Josh Hamilton's contract is next on the agenda for the Rangers. Over the next few weeks, the Rangers will be turning their attention to signing their pre-arbitration players before the start of the Cactus League season, and Hamilton is foremost among that group. The question is if the Rangers will be able to sign Hamilton to a long-term deal or if they will have to settle on another one-year deal. A long-term deal is preferable.
"Those are things we usually talk about in Spring Training," assistant general manager Thad Levine said. Pre-arbitration players are those with fewer than three years of service time and aren't in the top 17 percent of those with 2-3 years of service time. Hamilton has two years of service time. The Rangers have a history of trying to sign their top pre-arbitration-eligible players to long-term contracts, and they usually do it during Spring Training. Ian Kinsler agreed to a five-year, $22 million contract last spring after just two years in the big leagues. Hank Blalock is in the option year of the original five-year, $15.25 million contract that he signed in Spring Training 2004, when he had fewer than two years of service time. Michael Young had just two-plus years in the big leagues when he signed a four-year contract just before Opening Day 2004. Young's five-year, $80 million extension was completed during Spring Training 2007. Long-term contract extensions for players with fewer than three years' service time allows players and clubs to avoid difficult and potentially divisive arbitration hearings as well as delay a player's entry into the free-agent market. Mark Teixeira was the exception for the Rangers. He and his agent, Scott Boras, declined to discuss a long-term contract with the Rangers with the exception of a two-year deal in 2006 that served only to avoid arbitration. Faced with losing him to free agency at the end of the season, the Rangers traded Teixeira to the Braves on July 31, 2007, along with pitcher Ron Mahay and received five players in return. Hamilton, who is working out in Arizona, is entering his second year with the Rangers. Acquired from the Reds for right-hander Edinson Volquez, Hamilton hit .304 with 32 home runs and 130 RBIs for the Rangers in 2008. He was a starting outfielder for the American League All-Star team and was named the club's Player of the Year. The Rangers are not alone. Other teams try to get early long-term deals done with top pre-arbitration players. All-Star second baseman Dustin Pedroia, who has 2.41 years of service time, signed a six-year, $40.5 million extension with the Red Sox in December. Rays third baseman Evan Longoria had just arrived in the big leagues last April when he agreed to a six-year, $17.5 million extension with two club option years. That could keep him from being eligible for free agency until after 2016 instead of 2014. Indians center fielder Grady Sizemore signed a six-year, $23.45 million contract in Spring Training 2006. At the time, it was the largest contract in history given to a player with fewer than two years service time.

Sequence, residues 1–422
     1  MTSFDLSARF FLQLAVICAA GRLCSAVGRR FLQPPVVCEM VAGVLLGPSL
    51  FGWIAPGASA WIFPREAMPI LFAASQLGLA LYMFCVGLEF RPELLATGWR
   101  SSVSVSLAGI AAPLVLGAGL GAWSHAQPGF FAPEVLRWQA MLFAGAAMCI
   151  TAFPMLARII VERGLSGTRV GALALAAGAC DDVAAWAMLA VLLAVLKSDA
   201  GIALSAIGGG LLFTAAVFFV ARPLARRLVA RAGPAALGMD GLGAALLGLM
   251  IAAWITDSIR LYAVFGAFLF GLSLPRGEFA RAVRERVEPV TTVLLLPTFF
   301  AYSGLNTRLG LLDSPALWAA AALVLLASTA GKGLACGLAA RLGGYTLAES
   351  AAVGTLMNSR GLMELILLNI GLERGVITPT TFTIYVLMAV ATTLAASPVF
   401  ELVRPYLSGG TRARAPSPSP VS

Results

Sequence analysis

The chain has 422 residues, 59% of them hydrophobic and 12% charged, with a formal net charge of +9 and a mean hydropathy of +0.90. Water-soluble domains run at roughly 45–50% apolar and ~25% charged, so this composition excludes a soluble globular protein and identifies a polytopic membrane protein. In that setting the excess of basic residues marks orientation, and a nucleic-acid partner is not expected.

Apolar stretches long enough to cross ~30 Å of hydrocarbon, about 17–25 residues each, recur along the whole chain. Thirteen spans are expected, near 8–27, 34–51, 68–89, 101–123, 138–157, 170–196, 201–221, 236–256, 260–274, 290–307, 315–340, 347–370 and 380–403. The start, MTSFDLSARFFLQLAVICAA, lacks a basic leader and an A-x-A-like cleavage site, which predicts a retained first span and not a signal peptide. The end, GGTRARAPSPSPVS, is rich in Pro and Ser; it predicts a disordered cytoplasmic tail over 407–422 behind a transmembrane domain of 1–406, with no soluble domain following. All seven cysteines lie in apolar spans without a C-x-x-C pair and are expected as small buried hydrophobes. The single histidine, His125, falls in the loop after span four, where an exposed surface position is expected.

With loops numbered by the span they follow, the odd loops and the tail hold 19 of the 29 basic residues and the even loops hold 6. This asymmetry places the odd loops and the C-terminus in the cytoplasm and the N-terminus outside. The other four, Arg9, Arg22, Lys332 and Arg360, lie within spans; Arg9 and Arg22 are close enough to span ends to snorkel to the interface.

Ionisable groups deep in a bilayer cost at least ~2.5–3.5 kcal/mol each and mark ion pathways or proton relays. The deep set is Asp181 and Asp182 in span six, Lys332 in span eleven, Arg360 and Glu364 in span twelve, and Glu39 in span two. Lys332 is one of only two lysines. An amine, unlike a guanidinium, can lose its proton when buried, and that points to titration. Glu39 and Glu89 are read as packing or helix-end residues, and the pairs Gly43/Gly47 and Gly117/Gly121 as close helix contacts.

T.R. Sullivan is a reporter for MLB.com. This story was not subject to the approval of Major League Baseball or its clubs.